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Pier Paolo Mariani, Luca Laudani, Jacopo E. Rocchi, Arrigo Giombini and Andrea Macaluso

Anterior cruciate ligament (ACL) rupture is one of the most common traumatic injuries among physically active individuals. Surgical reconstruction remains the standard approach for athletes who aim to return to high-level sporting activities and aims to re-establish the ligamentous stability of the

Open access

Dawn T. Gulick

The prevalence of knee disorders is estimated at more than 50% in a lifetime. 1 , 2 There are approximately 250,000 to 300,000 anterior cruciate ligament (ACL) injuries per year in the United States. 2 , 3 There are over 175,000 reconstructions annually. 2 , 3 Athletes involved in high

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Aaron Nelson, Nathan Koslakiewicz and Thomas Gus Almonroeder

Surgical reconstruction is recommended for athletes following an anterior cruciate ligament (ACL) injury. 1 Unfortunately, nearly 25% of young athletes who return to sports following an ACL reconstruction suffer a second ACL injury during their career. 2 Interestingly, in many instances, the

Open access

Amy R. Barchek, Shelby E. Baez, Matthew C. Hoch and Johanna M. Hoch

et al 6 Hubbard-Turner et al 8 Kuenze et al 7 Glaviano et al 5 Study title Objectively measured physical activity in patients after anterior cruciate ligament reconstruction Physical activity levels in college students with chronic ankle instability Relationship between physical activity and clinical

Open access

Brad W. Willis, Katie Hocker, Swithin Razu, Aaron D. Gray, Marjorie Skubic, Seth L. Sherman, Samantha Kurkowski and Trent M. Guess

Each year an estimated 38,000 anterior cruciate ligament (ACL) injuries are sustained by females in the United States with a 34% increase in ACL reconstruction rates between 2002 and 2014. 1 Unfortunately, those suffering from an ACL injury require long-term rehabilitation with a higher risk for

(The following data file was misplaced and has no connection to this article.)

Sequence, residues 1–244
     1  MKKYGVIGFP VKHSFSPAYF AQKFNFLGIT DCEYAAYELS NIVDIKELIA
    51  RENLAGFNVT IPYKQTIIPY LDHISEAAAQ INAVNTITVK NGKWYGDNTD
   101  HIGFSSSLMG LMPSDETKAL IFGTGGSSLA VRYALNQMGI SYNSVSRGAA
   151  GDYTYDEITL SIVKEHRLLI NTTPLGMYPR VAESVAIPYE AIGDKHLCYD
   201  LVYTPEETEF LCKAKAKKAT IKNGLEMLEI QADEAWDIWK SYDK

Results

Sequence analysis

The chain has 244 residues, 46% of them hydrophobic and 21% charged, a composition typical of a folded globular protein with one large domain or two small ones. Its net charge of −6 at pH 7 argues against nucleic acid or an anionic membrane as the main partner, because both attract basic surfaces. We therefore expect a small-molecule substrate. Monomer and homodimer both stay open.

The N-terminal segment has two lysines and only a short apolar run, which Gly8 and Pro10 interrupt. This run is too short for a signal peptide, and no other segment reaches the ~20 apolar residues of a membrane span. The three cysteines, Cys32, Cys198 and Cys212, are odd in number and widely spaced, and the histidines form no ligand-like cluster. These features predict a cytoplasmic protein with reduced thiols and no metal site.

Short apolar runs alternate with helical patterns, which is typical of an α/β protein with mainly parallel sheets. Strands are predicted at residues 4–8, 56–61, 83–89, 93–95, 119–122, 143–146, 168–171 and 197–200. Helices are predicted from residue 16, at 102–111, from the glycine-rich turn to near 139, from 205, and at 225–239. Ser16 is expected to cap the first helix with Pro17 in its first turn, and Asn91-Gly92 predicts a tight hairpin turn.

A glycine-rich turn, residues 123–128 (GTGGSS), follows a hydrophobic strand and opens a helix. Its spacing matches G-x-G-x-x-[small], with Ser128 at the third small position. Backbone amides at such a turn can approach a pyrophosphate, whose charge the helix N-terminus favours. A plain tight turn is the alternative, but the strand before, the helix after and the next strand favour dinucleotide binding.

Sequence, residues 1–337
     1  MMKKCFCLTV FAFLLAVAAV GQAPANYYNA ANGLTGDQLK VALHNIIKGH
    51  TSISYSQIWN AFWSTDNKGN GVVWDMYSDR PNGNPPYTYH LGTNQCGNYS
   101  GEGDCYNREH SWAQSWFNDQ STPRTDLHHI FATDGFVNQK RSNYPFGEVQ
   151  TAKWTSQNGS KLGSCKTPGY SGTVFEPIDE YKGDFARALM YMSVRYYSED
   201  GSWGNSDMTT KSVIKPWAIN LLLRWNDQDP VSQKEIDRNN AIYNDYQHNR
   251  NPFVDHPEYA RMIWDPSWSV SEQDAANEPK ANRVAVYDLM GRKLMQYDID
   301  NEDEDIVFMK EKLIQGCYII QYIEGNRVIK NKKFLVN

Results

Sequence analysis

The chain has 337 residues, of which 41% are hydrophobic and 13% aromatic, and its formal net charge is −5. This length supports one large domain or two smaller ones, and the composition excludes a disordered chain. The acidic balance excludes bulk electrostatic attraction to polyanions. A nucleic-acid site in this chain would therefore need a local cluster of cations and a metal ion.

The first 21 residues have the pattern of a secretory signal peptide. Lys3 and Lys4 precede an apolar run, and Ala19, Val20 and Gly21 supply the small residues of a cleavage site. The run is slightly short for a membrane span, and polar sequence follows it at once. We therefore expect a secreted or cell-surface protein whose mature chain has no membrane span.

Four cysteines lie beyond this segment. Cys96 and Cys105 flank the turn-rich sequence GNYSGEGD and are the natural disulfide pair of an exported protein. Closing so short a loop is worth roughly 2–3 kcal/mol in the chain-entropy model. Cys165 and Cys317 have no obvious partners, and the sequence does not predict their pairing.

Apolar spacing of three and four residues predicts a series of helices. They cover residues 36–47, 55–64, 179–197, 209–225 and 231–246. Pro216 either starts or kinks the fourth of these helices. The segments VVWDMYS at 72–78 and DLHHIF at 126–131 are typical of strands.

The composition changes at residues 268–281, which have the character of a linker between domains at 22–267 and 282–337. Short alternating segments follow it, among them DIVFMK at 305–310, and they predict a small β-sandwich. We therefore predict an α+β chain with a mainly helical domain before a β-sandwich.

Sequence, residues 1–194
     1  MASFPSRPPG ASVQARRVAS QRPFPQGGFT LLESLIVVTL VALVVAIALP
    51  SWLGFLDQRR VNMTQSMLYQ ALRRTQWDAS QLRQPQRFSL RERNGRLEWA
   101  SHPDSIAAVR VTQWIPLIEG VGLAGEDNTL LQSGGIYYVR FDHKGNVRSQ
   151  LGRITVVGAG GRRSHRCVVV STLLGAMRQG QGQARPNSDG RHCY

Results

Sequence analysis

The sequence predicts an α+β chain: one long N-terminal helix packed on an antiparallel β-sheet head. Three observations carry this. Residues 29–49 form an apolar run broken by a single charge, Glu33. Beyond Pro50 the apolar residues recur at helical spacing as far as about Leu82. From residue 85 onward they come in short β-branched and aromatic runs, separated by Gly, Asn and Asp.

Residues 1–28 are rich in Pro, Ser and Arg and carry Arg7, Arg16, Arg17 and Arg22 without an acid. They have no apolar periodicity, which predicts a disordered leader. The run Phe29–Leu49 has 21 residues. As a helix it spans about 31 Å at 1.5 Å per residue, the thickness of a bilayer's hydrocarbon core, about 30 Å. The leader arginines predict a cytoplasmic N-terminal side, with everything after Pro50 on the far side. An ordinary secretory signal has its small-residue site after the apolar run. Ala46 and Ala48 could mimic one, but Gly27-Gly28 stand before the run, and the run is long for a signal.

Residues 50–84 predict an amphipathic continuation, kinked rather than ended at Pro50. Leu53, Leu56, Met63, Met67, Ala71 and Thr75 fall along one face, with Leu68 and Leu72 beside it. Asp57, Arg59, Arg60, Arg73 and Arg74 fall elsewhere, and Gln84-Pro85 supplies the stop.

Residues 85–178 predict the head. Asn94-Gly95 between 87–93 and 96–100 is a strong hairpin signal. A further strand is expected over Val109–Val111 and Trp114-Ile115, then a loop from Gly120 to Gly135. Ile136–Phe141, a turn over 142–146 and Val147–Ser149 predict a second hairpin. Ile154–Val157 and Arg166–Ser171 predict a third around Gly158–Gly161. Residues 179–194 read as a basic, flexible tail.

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Kathryn Mills, Aula Idris, Thu-An Pham, John Porte, Mark Wiggins and Manolya Kavakli

In court sports, the specific action that results in the highest incidence of anterior cruciate ligament (ACL) injury is landing from a jump while exhibiting dynamic knee valgus. 1 , 2 This movement, typified by rapid excessive knee abduction, is exhibited more frequently and to higher magnitudes

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Nathan Millikan, Dustin R. Grooms, Brett Hoffman and Janet E. Simon

cognitive variables interact, 19 , 38 as video analysis indicates many noncontact anterior cruciate ligament injuries occur almost immediately after initial contact during landing, cutting, and movement with the knee in full extension, 19 , 39 , 40 and typically with many players or visual distractors in

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Christie Powell, Jody Jensen and Samantha Johnson

movement assessment was suggested as an effective method for injury prevention and return-to-play criteria. 28 With the concept of functional movement assessment in mind, anterior cruciate ligament (ACL) injuries have received considerable attention in the last 20 years. The focus has been on preventative

Open access

Francesca Genoese, Shelby Baez and Johanna M. Hoch

. 1 , 2 Among these, two frequently observed knee-related athletic injuries include patellofemoral pain (PFP) and anterior cruciate ligament (ACL) ruptures. 3 , 4 After experiencing knee injury, patients encounter physical impairments that are often the primary focus of musculoskeletal

Open access

Marissa L. Mason, Marissa N. Clemons, Kaylyn B. LaBarre, Nicole R. Szymczak and Nicole J. Chimera

Clinical Scenario Lower-extremity (LE) injuries are common in the athletic population, especially injuries to the anterior cruciate ligament (ACL). 1 These injuries can be career ending for athletes and result in costs in the United States of approximately 1 billion dollars annually. 2 The large